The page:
90% of the time it works very well, which is what makes the 10% of the time it doesn’t work so disastrous.

For example, the feature that recognizes and assigns transactions based on the bank’s description of the transaction is a nightmare when it comes to assigning checks. Let’s say you write a check to a subcontractor, and assign it correctly in QuickBooks. The next time a check comes through the bankfeed, it will automatically default to that subcontractor. If the person assigning it is not paying attention, multiple checks can be assigned to one individual or business, throwing off the financials, future 1099s, etc.

Bankfeed rules can cause similar problems, as there is an option to create rules which add transactions to the ledger automatically, bypassing human review. We never use this option at The Bookkeeper, but we have seen companies do so. Again, this can be disastrous on those rare occasions where the computer algorithm makes a mistake.

New technologies can only be trusted to work up to a point; overreliance on them is inexcusable when it results in results in inaccuracies in the financials.

Those who embrace change.

smiling while on computerOne of the things that makes me very proud of our company is how we have integrated new technologies in ways that better serve our clients, without using them as a substitute for genuine human oversight and customer interaction.

Things like cloud accounting, app integrations, bankfeed rules, and the like have allowed us to serve a greater number of clients more efficiently. It’s also allowed us to work with clients who might not have yet been able to afford a fully outsourced solution, by training them on some of the tasks which have been made easier by improvements in software.

However, we have no fear of being replaced by technology. In fact, new technologies have freed us up from manual tasks so we can focus on the part of the work we really love; working directly with clients on analyzing their financials, examining the market, making plans for improvement, and educating business owners on best courses of action for their companies.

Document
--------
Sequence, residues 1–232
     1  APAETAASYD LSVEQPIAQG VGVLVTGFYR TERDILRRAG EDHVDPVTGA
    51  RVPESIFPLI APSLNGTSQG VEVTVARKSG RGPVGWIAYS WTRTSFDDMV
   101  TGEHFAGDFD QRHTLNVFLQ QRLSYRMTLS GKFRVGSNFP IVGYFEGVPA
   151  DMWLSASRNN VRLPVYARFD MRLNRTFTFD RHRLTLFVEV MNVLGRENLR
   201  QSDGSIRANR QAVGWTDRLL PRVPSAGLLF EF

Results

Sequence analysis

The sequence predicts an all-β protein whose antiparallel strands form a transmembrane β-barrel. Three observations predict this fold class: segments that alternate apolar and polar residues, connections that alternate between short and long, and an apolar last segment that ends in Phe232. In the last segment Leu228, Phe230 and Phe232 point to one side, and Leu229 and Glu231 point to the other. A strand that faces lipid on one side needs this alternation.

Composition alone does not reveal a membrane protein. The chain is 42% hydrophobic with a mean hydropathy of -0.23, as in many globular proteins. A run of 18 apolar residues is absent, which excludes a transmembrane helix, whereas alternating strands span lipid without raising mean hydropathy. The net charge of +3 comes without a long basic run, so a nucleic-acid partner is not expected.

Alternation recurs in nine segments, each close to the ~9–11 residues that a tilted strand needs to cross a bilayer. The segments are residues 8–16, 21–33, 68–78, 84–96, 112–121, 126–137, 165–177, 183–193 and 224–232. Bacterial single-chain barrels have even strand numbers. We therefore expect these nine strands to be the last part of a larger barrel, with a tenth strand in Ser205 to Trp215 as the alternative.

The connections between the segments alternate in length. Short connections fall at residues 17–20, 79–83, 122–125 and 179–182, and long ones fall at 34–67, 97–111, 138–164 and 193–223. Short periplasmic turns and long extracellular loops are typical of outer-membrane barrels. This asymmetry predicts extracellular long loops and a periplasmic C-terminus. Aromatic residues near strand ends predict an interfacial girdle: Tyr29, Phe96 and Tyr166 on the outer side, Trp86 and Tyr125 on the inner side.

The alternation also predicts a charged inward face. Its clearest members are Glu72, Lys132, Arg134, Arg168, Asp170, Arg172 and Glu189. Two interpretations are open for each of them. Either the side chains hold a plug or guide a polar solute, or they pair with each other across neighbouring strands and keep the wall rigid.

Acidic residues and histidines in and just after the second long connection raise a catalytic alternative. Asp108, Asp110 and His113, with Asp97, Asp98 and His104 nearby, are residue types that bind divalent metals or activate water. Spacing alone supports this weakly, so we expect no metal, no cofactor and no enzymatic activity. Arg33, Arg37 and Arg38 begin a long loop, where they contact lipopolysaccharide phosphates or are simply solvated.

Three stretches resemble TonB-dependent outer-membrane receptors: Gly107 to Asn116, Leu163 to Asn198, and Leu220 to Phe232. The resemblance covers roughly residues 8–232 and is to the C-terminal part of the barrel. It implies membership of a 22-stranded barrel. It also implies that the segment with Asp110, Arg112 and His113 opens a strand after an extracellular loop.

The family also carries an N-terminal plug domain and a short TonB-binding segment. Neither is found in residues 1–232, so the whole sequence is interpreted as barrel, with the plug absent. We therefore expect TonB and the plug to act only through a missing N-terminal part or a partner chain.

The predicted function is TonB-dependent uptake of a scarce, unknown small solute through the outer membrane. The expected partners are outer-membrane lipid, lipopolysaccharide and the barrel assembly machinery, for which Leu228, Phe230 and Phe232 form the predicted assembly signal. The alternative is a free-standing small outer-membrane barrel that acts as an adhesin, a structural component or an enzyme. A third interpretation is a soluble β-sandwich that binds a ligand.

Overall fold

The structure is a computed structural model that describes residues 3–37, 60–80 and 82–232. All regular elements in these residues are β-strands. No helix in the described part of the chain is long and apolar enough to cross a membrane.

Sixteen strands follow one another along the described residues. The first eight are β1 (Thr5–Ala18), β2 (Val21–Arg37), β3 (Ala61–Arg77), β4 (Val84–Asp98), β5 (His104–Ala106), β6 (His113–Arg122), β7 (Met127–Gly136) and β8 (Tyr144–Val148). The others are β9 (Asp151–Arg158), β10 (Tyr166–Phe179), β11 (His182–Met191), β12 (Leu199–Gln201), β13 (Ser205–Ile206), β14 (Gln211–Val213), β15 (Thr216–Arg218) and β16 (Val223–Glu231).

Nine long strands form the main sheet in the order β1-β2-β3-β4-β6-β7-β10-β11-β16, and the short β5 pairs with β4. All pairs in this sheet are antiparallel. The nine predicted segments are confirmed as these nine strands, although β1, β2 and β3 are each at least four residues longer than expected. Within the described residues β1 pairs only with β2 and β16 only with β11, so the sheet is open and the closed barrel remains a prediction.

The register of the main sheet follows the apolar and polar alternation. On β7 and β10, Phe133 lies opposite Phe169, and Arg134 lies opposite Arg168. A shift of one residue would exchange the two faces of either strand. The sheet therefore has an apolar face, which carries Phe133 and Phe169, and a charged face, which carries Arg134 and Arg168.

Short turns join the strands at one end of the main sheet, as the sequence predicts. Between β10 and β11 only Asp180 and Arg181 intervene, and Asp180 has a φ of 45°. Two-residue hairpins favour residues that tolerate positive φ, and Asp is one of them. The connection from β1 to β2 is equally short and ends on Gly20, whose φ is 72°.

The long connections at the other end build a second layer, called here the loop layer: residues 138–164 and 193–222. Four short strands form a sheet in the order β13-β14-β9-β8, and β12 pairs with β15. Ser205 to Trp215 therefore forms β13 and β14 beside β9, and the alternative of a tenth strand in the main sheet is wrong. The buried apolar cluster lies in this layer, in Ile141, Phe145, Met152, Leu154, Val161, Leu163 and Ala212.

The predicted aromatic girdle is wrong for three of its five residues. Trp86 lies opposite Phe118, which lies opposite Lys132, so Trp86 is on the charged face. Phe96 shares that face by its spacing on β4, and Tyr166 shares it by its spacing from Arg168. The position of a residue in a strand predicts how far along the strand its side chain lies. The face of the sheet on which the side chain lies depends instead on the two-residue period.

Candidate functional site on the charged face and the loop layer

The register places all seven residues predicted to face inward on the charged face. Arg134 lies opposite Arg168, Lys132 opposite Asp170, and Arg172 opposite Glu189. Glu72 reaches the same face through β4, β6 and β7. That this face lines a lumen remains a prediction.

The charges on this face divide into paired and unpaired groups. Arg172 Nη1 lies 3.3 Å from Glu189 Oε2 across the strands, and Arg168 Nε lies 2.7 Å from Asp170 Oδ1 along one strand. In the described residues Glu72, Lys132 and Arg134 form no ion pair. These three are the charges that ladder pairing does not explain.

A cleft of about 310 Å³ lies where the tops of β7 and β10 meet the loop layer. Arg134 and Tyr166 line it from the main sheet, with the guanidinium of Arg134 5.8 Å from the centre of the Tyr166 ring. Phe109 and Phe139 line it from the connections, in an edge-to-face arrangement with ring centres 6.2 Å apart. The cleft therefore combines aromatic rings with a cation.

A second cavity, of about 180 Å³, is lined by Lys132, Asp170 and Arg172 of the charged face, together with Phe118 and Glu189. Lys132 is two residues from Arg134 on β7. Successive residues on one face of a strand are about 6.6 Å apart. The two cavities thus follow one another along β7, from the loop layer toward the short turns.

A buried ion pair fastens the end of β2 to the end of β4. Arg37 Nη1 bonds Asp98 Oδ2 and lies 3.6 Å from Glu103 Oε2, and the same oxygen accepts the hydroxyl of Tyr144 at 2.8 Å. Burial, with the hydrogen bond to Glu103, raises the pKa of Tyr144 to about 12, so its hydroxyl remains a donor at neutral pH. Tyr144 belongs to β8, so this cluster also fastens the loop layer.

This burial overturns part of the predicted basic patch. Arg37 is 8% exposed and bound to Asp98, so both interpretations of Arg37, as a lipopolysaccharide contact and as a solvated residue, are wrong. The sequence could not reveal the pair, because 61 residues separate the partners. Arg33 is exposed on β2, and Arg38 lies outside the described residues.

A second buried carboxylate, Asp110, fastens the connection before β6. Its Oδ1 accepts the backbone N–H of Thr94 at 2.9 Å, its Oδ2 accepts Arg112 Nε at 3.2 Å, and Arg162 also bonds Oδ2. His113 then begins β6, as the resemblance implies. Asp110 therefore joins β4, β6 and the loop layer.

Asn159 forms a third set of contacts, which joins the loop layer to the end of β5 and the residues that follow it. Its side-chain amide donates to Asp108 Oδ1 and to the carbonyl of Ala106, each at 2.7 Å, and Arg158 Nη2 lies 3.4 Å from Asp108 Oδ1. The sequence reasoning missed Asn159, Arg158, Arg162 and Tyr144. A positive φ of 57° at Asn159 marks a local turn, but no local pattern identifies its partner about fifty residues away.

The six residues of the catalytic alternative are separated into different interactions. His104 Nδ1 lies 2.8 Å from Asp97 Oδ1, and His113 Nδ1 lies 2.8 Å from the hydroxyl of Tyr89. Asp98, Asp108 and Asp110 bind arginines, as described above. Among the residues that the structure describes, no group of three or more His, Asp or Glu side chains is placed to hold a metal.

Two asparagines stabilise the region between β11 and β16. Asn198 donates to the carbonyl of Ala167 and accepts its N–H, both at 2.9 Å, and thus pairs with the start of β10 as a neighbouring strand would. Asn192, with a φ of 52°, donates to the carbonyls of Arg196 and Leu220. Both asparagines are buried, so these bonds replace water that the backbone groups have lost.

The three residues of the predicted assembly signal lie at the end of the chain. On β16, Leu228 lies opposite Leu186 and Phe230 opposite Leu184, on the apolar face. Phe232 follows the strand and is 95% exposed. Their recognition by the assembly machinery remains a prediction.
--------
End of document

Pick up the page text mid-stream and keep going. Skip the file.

And even as computers get better at aggregating and analyzing data from various sources, they will never be able to replace a human connection. A machine may recognize that retail rent prices are better a zip code over, but we can understand that a client wants their storefront in walking distance of their child’s school. Or, it might make more sense, by the numbers, for a business to adjust hours seasonally, to save money in the slow periods. But a person can recognize when an owner wants to keep his employees at full-time wages, even if it means a little less money in their own pocket. And the more that computers can handle the data entry, or “number-crunching” aspects of our job, the more we can focus on solving these more complicated, human problems.

Technological changes are unavoidable. But from where we sit, that’s not a bad thing.